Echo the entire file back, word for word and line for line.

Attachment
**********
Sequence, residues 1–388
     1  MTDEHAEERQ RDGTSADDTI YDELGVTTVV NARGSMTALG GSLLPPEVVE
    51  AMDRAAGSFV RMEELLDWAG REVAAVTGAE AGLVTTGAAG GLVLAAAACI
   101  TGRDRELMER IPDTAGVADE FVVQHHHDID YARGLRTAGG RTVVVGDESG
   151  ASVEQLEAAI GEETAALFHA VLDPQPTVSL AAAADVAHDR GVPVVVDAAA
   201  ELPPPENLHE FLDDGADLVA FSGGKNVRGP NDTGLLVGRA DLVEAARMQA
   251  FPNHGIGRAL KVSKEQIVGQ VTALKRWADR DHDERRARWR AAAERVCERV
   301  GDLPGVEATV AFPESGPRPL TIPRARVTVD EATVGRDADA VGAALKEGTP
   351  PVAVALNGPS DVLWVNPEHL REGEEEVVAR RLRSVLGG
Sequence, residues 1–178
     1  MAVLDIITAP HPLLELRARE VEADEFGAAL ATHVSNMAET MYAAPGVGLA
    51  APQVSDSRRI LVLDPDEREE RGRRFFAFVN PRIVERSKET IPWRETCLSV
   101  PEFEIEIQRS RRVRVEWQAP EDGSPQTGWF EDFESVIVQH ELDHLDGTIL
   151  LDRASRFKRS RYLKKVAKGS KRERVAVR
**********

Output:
Sequence, residues 1–388
     1  MTDEHAEERQ RDGTSADDTI YDELGVTTVV NARGSMTALG GSLLPPEVVE
    51  AMDRAAGSFV RMEELLDWAG REVAAVTGAE AGLVTTGAAG GLVLAAAACI
   101  TGRDRELMER IPDTAGVADE FVVQHHHDID YARGLRTAGG RTVVVGDESG
   151  ASVEQLEAAI GEETAALFHA VLDPQPTVSL AAAADVAHDR GVPVVVDAAA
   201  ELPPPENLHE FLDDGADLVA FSGGKNVRGP NDTGLLVGRA DLVEAARMQA
   251  FPNHGIGRAL KVSKEQIVGQ VTALKRWADR DHDERRARWR AAAERVCERV
   301  GDLPGVEATV AFPESGPRPL TIPRARVTVD EATVGRDADA VGAALKEGTP
   351  PVAVALNGPS DVLWVNPEHL REGEEEVVAR RLRSVLGG
Sequence, residues 1–178
     1  MAVLDIITAP HPLLELRARE VEADEFGAAL ATHVSNMAET MYAAPGVGLA
    51  APQVSDSRRI LVLDPDEREE RGRRFFAFVN PRIVERSKET IPWRETCLSV
   101  PEFEIEIQRS RRVRVEWQAP EDGSPQTGWF EDFESVIVQH ELDHLDGTIL
   151  LDRASRFKRS RYLKKVAKGS KRERVAVR